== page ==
I’d be remiss if I did not mention obstacles regarding my cultural identity. While pursuing art as a profession is not encouraged in general, it’s even further frowned upon in Asian American culture. I was brought up in a household where there were certain expectations around success – expectations that had nothing to do with drawing. I know my parents did the best they could to support my creative interests, but I’m also sure my parents did not expect to give birth to a kid who would go on to pursue art as a side profession, nor were they raised in an environment where creative pursuits were encouraged. While my parents are more excited about my art now, this is something we are all learning how to navigate together. I’ve had to work with and against a lot of sociocultural norms to get to where I am today. And yet, in a beautiful ironic way, many of the socio-cultural values around discipline and cultivating a collective identity are the reason why I am where I am today.

The most heartbreaking tragedy was the passing of my ex-boyfriend, Jared. Jared was a talented musician, entirely dedicated to his music, and passionate about changing the world through his music. Anyone who heard him sing could hear the soul in his voice and believed in his vision. I told him many times that I saw him as a teacher. He knew matters of the mind, body, and spirit that could not be learned in books. Just watching him make music inspired me to dedicate myself further to my craft. Jared helped me deepen my spirituality, strengthen my artistic identity, and allowed me to realize I am so much more than what the world tells me. Since Jared passed, I don’t know how many times I’ve thought to myself, “What would Jared want me to do here?” This question has been an especially helpful, grounding guide throughout graduate school. He opened my eyes to so many truths in life, and I know he is and will be on the journey with me.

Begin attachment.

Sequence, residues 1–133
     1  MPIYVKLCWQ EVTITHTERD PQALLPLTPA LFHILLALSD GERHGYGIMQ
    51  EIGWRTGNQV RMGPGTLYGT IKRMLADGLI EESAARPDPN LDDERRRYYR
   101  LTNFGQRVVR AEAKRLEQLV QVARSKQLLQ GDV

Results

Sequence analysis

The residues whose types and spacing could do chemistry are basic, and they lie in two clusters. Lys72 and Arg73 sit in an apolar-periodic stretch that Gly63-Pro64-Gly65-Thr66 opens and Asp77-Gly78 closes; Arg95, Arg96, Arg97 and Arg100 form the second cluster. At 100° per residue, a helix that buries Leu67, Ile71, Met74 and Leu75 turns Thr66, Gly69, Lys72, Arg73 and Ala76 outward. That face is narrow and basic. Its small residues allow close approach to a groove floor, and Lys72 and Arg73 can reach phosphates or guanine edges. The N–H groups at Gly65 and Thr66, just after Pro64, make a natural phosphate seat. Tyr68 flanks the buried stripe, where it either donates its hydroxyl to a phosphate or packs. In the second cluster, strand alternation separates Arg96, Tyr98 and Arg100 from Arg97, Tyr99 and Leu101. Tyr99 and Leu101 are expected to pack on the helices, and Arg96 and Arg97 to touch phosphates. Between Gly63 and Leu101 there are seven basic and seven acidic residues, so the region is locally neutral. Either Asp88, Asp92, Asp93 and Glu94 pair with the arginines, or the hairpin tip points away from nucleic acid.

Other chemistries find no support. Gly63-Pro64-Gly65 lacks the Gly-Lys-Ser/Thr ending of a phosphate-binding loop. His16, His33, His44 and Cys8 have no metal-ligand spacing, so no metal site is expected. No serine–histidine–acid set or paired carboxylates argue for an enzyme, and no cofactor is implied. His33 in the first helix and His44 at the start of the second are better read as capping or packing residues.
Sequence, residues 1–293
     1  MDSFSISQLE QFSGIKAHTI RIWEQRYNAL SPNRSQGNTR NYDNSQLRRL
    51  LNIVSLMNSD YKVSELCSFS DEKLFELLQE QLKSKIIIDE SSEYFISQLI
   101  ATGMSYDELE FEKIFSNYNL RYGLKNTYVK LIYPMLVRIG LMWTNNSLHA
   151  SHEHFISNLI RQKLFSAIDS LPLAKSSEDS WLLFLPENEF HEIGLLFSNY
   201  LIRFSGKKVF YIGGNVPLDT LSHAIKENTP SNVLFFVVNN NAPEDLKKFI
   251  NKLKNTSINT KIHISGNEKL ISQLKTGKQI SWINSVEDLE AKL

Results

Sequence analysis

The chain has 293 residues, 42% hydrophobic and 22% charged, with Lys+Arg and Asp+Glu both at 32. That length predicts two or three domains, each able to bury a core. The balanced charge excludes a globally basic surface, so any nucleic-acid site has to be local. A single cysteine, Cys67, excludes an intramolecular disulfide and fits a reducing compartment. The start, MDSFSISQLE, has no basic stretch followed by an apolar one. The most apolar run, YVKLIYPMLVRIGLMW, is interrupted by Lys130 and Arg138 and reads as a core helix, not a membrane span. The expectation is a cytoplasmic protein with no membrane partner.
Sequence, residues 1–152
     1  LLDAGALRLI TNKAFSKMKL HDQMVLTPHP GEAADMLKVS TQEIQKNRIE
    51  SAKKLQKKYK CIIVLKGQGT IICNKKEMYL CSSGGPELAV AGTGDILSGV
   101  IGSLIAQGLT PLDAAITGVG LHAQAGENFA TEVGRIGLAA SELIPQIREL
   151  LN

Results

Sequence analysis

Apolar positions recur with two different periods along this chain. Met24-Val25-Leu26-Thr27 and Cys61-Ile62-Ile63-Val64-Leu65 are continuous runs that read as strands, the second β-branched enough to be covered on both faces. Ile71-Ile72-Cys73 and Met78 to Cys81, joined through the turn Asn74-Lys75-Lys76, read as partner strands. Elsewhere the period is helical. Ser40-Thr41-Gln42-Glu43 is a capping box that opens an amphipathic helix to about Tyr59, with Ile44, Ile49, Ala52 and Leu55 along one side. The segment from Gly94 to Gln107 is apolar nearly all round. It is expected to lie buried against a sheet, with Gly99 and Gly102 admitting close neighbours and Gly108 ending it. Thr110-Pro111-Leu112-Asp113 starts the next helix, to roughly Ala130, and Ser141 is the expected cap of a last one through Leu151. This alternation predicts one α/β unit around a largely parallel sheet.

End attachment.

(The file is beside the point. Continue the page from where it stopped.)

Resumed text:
Thanks for sharing that. So, maybe next you can tell us a bit more about your work?
I am a visual artist, and I primarily use acrylic and colored pencil. As an artist, I’m inspired by my Indian culture, non-duality, the magical & natural world, and the human aspiration towards the True & Higher Self. Much of my work reflects my interest in liberation, cultural identity, death/grief, and spiritual grounding. Lately, I’ve been incorporating sacred geometry and biology into my pieces, which is definitely related to my interest in spirituality and holistic health. I hope to integrate my academic and artistic identities in the name of mind-body-spirit healing of myself and others.
For me, art is about expressing and healing. It has truly been a gift to create visual art while working on my PhD, specifically in counseling psychology. As psychologists-in-training, we investigate our own psyche, revisit our paths in order to become better therapists, learn about various tools for healing, and walk alongside others’ healing journeys. This deep inner work has birthed some really cool paintings centered around my hope, pain, and ideas of transcendence.

One thing that sets me apart from others is how the integration of my different identities show up in my work – visual artist, spoken word poet, college instructor, yoga instructor, therapist, and researcher. While it’s a lot, it’s all related and all centers around healing, creativity, and lifelong learning.

What would you say have been one of the most important lessons you’ve learned?
Develop and trust your intuition. I hear a lot about trust, but I wish I had learned more about the risk-taking, the self-compassion, and the faith required to develop that intuition. That grueling, messy, beautiful process has contributed to my shift from operating from a fear-based place to tapping into my higher self. While a part of me wishes I had looked within for answers earlier on, I am glad I wandered the way I did. That wandering has led me here.


  • All originals are priced $200+ depending on materials used, time invested, and size of the piece
  • Prints range from $15-$50, depending on size

Contact Info:

Image Credits

Eileen Wisniowicz